In today’s world of electronic eavesdropping and computer security breaches, who isn’t a little paranoid? The fact is, email isn’t private. Any number of people can view your email, whether that someone is working at your ISP, working in your office, or sniffing your communications on the wire. When sending sensitive communications, such as credit card numbers, medical history, or even simple personal or family information, it’s critical that you take steps to protect yourself.
One of the best ways to protect the privacy of email communications is to use PGP (pretty good privacy) and the Open Source GPG. Unfortunately, even hardcore geeks sometimes find PGP difficult to set up, configure, use, and troubleshoot. Recognizing this problem, No Starch Press has published a simple guide to using PGP and GPG. In PGP & GPG: Email for the Practical Paranoid (No Starch Press, April 2006), author Michael Lucas offers an easy-to-read, informal tutorial for communicating securely with PGP.
PGP & GPG: Email for the Practical Paranoid explains how PGP works, and how to integrate it into the most common email clients, including Outlook and Mozilla’s Thunderbird. Lucas tells how to use the tricky command-line versions of PGP, and walks the reader through using PGP and GPG in daily email correspondence.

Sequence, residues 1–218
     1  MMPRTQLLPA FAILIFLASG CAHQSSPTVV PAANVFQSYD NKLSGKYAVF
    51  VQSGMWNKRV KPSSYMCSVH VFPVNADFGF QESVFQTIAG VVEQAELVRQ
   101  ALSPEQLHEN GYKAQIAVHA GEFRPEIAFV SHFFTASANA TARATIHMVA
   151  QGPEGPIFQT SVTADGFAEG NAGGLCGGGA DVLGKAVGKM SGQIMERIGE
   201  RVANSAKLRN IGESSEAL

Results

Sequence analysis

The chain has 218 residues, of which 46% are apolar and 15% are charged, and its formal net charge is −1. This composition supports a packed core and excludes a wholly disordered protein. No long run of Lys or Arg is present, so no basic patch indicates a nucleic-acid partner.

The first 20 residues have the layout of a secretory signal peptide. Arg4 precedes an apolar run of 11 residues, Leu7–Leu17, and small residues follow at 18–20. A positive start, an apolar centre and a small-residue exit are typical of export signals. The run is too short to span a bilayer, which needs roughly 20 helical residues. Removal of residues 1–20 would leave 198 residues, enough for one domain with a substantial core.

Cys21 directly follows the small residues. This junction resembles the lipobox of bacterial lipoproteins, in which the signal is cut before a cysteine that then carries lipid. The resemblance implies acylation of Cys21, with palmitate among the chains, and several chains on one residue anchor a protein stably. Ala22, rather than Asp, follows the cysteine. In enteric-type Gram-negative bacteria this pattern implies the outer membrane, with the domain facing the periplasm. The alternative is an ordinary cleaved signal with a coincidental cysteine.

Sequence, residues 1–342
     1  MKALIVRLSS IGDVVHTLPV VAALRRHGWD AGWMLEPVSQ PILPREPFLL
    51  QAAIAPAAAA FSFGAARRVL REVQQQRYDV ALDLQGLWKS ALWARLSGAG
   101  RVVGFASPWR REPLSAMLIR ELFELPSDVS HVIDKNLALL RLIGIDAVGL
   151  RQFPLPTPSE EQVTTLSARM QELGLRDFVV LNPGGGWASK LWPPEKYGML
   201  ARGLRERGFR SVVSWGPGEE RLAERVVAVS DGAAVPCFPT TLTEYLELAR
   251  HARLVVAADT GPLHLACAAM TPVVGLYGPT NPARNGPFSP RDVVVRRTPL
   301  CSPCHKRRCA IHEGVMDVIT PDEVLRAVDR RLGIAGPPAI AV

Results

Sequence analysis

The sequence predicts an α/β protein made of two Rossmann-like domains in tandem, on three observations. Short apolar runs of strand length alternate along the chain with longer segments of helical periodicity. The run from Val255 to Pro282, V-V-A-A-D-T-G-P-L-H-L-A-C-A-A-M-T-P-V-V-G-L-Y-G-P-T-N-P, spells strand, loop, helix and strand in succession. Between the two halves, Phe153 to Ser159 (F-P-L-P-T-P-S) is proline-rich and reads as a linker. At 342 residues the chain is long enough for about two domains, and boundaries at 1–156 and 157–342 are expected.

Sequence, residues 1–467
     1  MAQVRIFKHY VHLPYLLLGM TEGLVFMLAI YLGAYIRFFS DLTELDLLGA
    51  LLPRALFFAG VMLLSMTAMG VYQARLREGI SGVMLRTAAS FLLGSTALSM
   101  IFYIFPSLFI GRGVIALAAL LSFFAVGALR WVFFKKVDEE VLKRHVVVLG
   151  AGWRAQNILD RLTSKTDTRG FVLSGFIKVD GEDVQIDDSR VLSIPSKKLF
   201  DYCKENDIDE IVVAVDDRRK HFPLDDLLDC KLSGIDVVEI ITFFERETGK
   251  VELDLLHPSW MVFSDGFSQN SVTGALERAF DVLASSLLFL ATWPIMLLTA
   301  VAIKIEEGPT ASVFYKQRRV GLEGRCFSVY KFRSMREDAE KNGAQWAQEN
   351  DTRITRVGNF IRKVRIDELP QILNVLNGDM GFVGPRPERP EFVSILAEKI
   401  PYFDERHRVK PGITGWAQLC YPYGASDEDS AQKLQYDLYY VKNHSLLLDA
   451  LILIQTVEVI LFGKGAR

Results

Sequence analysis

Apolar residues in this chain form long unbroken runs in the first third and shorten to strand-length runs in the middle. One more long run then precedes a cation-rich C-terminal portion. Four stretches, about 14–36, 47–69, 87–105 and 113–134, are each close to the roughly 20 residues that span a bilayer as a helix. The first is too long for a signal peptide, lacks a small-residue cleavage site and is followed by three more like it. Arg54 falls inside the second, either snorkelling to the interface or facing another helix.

PGP & GPG: Email for the Practical Paranoid is written for moderately skilled computer users who may be unfamiliar with public-key cryptography but who would like to protect their communications. Highlights include:
- A concentration on real-world usage instead of mathematical theory
- Instructions for installing and using PGP and GPG with Microsoft Outlook and Mozilla’s Thunderbird
- Help with the tricky command-line versions of these programs
- What to do at a key-signing party, how to generate and manage your keys, and even how to add photos to your key
“Do the initials NSA mean anything to you? Do I have to use the word ‘wiretapping’ to make the relevance of PGP clear? Lots of people (like me) live their lives on email, and they need to be aware of the risks,” said Bill Pollock, founder of No Starch Press. “Email is not secure unless you use PGP.”
PGP & GPG: Email for the Practical Paranoid allows anyone to protect their personal data with free tools.